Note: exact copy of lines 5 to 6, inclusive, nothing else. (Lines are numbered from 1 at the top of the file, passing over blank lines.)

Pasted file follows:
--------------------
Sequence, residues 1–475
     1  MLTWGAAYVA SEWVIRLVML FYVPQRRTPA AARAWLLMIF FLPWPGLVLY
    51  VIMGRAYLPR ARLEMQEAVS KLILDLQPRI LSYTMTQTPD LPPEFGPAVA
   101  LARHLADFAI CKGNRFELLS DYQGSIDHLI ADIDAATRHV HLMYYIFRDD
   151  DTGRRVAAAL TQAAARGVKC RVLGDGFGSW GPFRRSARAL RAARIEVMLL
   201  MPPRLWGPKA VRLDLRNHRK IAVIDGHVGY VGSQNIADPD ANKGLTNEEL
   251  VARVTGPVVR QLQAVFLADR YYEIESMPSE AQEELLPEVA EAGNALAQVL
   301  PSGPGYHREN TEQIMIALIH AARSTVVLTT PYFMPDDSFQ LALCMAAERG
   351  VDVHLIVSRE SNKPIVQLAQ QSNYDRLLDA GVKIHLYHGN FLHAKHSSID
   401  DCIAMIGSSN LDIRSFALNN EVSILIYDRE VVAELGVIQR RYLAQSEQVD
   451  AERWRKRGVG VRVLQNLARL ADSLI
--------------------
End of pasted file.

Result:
   151  DTGRRVAAAL TQAAARGVKC RVLGDGFGSW GPFRRSARAL RAARIEVMLL
   201  MPPRLWGPKA VRLDLRNHRK IAVIDGHVGY VGSQNIADPD ANKGLTNEEL